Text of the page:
Indian “Motocycle” legacy attracts hundreds to Springfield

Indian Motorcycles were on full display in Springfield, the birthplace of the company.

SPRINGFIELD, Mass. (WWLP) – Indian motorcycles were on full display in Springfield, the birthplace of the company.

“To have a bunch of Indians together is just nice. Just the harmonics the motors running together. It’s just so cool,” said Dan Golden of West Hartford, Connecticut. He rode his Indian Motorcycle to Springfield for Indian Motocycle Day.

The first Indian “motocycle” was manufactured in Springfield in 1901 at the factory on State Street. The bikes were manufactured in Springfield until 1953. For decades, from 1970 to 2005, Indian Motocycle Day was hosted at the Indian Motocycle Museum on Hendee Street in Springfield. After a five year hiatus, the Springfield Museums have hosted the event for the past six years. Each year, hundreds of people from all over the country and world, ride their bikes to Springfield for Indian Motocycle Day.

“Great bunch of guys and ladies, there’s more women riders too, which is great. I’d like to see more of that,” Golden said. It’s a day to celebrate the company’s legacy, and to share and buy Indian memorabilia.

“When I was a kid I used to sit on one, and that’s why it was always my dream to own an Indian…It’s very interesting. It’s so much of a rich history that happened here in Springfield, it’s always an enjoyable day to come out here,” said Bob Maynard of Jewett City, Connecticut.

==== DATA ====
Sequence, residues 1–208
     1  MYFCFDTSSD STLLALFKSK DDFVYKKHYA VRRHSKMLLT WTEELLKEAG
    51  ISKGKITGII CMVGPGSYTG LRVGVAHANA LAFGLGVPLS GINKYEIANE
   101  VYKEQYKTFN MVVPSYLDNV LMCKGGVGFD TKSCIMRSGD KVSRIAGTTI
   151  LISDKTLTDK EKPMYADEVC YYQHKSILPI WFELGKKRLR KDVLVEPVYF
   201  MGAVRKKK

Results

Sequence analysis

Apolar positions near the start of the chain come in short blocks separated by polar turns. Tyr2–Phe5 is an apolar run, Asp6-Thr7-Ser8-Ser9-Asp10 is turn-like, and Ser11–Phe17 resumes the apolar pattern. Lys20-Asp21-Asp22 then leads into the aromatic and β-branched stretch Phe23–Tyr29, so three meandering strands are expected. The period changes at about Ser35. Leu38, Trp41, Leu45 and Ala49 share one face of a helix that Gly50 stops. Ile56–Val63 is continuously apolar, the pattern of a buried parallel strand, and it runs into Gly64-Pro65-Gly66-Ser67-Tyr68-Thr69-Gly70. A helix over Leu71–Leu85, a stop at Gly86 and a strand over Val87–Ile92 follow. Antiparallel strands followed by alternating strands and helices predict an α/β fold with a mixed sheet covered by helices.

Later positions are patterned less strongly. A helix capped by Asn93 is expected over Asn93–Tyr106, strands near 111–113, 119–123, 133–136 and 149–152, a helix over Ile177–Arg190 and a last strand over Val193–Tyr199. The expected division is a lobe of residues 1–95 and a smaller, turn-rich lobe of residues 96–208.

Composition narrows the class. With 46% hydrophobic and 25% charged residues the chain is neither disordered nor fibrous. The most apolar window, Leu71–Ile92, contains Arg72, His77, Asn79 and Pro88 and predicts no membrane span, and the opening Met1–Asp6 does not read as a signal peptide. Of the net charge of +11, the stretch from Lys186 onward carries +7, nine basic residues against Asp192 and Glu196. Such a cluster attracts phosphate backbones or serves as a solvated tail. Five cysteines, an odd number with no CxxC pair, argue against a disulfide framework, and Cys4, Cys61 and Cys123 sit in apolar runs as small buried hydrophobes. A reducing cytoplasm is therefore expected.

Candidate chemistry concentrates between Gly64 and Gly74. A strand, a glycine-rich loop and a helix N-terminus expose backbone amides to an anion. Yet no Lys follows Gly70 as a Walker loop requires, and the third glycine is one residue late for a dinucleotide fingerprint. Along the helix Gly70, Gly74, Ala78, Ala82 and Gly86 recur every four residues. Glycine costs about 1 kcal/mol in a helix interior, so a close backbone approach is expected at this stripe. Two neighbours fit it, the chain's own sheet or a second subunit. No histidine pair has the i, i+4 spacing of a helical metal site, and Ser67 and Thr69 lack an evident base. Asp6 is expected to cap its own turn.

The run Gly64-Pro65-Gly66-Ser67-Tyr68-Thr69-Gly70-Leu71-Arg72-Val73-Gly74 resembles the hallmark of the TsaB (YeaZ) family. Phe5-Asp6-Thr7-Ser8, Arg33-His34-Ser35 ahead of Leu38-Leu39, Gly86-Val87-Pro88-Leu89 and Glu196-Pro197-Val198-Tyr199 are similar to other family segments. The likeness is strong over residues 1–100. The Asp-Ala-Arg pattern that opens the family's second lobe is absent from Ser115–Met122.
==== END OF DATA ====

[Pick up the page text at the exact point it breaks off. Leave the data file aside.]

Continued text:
Notice the unique spelling of the company’s original name: Indian “Motocycle” Company. “In the early years when motorcycles were first being developed, there wasn’t a uniform name yet, and some people were using it with an r, some people weren’t. Indian went without,” explained Guy McLain, Director of the Wood Museum of Springfield History.

Indian Motorcycle didn’t just create bikes for joy rides, they were also the exclusive bike makers for the U.S. military. These bikes served an important role in both World War One and World War Two. One of those war bikes was on display, and like many other antiques, was still in riding condition. Close to 60 antique bikes were judged on how close they were to being in mint-condition or how unique they were.

Just as a parent and child enjoyed a motorcycle and sidecar back in 1948, so too did Gehrit Merkel and his dad, in a newer model. “It’s like driving…It’s like being in a plane. Driving in a plane motorcycle,” he said. And to think it all started right here in Springfield.

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